Le Roux C, Huet G, Jauneau A, Camborde L, Trémousaygue D, Kraut A, Zhou B, Levaillant M, Adachi H, Yoshioka H, Raffaele S, Berthomé R, Couté Y, Parker JE, Deslandes L. A receptor pair with an integrated decoy converts pathogen disabling of transcription factors to immunity. Cell. 2015 May 21;161(5):1074-88.

Roux F, Voisin D, Badet T, Balagué C, Barlet X, Huard-Chauveau C, Roby D, Raffaele S. Resistance to phytopathogens e tutti quanti: placing plant quantitative disease resistance on the map. Mol Plant Pathol. 2014 Jun;15(5):427-32.

Bozkurt TO, Richardson A, Dagdas YF, Mongrand S, Kamoun S, Raffaele S. The Plant Membrane-Associated REMORIN1.3 Accumulates in Discrete Perihaustorial Domains and Enhances Susceptibility to Phytophthora infestans. Plant Physiol. 2014 May 7;165(3):1005-1018.

Contact : Sylvain Raffaele

Thigmoimmunity: contribution of mechanical signal perception to quantitative immunity against Sclerotinia

During their interaction with plants, and prior to plant tissue penetration or degradation, fungal pathogens develop important mechanical loads susceptible to emit Mechanical loads are due to the tremendous turgor pressure created by water in the vacuole of appressoria and fungal cell wall mechanical preperties. This mechanical stress is generally sufficient to penetrte plant cells. Mechanosensing occurs at the plant cell level and relies on the internal mechanical state of the cell.

Recent studies demonstrated the link between mechanosensing and plant immune response to B. cinerea in Arabidopsis thaliana: plants submitted to MS exhibited higher resistance to fungal infection suggesting a priming effect operated by sterile mechanosensing. Future work should aim at addressing whether mechanosensing for fungal contact or penetration per se, in addition to PAMP perception, leads to enhanced plant immunity.

Links :


Mechanoperception and thigmomorphogenesis at INRA


Selected recent publications :

Mbengue M, Navaud O, Peyraud R, Barascud M, Badet T, Vincent R, Barbacci A, Raffaele S. Emerging Trends in Molecular Interactions between Plants and the Broad Host Range Fungal Pathogens Botrytis cinerea and Sclerotinia sclerotiorum.  Front Plant Sci. 2016 Mar 31;7:422.

Barbacci A, Magnenet V, Lahaye M. Thermodynamical journey in plant biology. Front Plant Sci. 2015 Jun 30;6:481.

Contact : Adelin Barbacci

Fungal adaptations to plant quantitative immunity

Fungal plant pathogens are major and rising threats for global food security and environment sustainability. Generalist fungal pathogens such as S. sclerotiorum, infecting a broad range of host species in nature, are among the most devastating plant pathogens worldwide. The range of hosts that pathogens can infect in nature is a key determinant of the emergence and spread of diseases. How pathogens evolve the ability to infect many diverse hosts remains enigmatic. Through this project, we are addressing the following questions: What are the mechanisms used by Sclerotinia to colonize its hosts? What are the evolutionary processes that shaped the extent fungal virulence and plant immunity processes ? This work relies mostly on comparative genomics, transcriptomics, phylogeny, and systems biology approaches.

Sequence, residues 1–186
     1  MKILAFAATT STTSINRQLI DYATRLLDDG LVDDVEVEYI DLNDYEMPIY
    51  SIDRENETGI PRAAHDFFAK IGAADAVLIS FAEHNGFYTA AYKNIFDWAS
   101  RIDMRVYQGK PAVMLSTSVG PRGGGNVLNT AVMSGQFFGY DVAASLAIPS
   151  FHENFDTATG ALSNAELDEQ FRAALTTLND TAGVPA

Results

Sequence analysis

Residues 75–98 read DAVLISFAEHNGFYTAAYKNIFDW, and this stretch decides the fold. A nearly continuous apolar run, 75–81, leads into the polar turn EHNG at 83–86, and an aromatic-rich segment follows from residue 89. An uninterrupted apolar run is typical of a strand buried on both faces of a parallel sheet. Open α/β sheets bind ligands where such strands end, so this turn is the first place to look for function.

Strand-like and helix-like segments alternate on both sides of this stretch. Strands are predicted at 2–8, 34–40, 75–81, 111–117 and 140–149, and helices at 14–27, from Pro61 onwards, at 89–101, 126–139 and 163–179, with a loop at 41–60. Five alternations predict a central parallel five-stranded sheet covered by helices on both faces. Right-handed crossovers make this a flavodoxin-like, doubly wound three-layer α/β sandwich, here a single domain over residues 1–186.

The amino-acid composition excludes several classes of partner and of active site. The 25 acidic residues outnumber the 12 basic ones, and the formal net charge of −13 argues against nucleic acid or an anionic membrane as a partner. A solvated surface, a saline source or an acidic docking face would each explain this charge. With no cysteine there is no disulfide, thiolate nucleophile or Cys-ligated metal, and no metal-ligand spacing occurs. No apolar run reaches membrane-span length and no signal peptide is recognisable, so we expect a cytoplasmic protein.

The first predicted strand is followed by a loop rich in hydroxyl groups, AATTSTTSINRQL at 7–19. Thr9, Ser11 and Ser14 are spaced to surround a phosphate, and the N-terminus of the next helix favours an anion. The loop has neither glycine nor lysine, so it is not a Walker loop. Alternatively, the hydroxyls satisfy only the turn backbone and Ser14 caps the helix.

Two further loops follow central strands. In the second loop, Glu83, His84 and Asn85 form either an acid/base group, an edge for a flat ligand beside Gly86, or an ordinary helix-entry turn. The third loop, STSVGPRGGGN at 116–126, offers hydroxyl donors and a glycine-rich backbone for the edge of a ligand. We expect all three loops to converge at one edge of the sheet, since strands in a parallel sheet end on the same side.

Figure legend :


A) S. sclerotiorum colonizing an Arabidopsis leaf imaged using a strain expressing the green fluorescent protein.


B) A Circos diagram illustrating comparative genomics of fungal species related to S. sclerotiorum.


C) A phylogenetic tree of fungi from the Sclerotiniaceae family.

Selected recent publications :

Dong S, Raffaele S, Kamoun S. The two-speed genomes of filamentous pathogens:  waltz with plants. Curr Opin Genet Dev. 2015 Dec;35:57-65. doi: 10.1016/j.gde.2015.09.001.

Badet T, Peyraud R, Raffaele S. Common protein sequence signatures associate with Sclerotinia borealis lifestyle and secretion in fungal pathogens of the Sclerotiniaceae. Front Plant Sci. 2015 Sep 24;6:776.

Guyon K, Balagué C, Roby D, Raffaele S. Secretome analysis reveals effector candidates associated with broad host range necrotrophy in the fungal plant pathogen Sclerotinia sclerotiorum. BMC Genomics. 2014 May 4;15:336.

Contact : Sylvain Raffaele


  • Bruno Grezes-Besset; Biogemma Mondonville

  • Fabrice Roux; LIPM Toulouse

  • Sébastien Mongrand; LBM Bordeaux

  • John P. Clarkson; University of Warwick (UK)

  • Richard P. Oliver, Mark Derbyshire, Matthew Denton-Giles; Curtin University (Aus)

  • Lone Buschwaldt; University of Saskatchewan (Can)

  • Jan van Kan, Michael Siedl; Wageningen University (NL)

  • Sophien Kamoun; The Sainsbury Laboratory Norwich (UK)

  • Jean-Charles Portais, Pierre Millard; LISBP Toulouse

  • Ludovic Cottret, Lucas Marmiesse; LIPM Toulouse



  • Contract ANR-Investissement d’Avenir LabEx TULIP, 2011-2020, Coordinators ROBY Dominique /Danchin Etienne, 9 000 k€

  • Contract Marie Curie CIG grant – European commission FP7, « Identification of Sclerotinia sclerotiorum Effector Proteins mediating virulence on Arabidopsis thaliana ecotypes (SEPAraTE) », 2013-17, Coordinator Sylvain Raffaele, 100 k€

  • Contract ERC Starting Grant Conseil Européen « Understanding White mold disease quantitative resistance using natural variation (VariWhiM) », scientific coordinator Sylvain Raffaele, 2013-2018, 1500 k€.

  • TULIP “New Frontiers” project “Virulence function and evolution of Sclerotinia signals manipulating plant RNA silencing pathways (ScleRNAi)”, Coordinator S. Raffaele, 2014-16, 119 k€.

  • Contract ANR RIPOSTE “Exploitation of pathogen quantitative resistance diversity to improve disease tolerance in crops”, Coordinator D. Roby, 2014-2018, 248 k€.

  • Project Plant Health & Environment Division INRA – SPE. “Identification of genetic factors underlying potential disease outbreaks of the bacterial pathogen Xanthomonas campestris” PI : Fabrice Roux, 2016 – 2017, 40k€.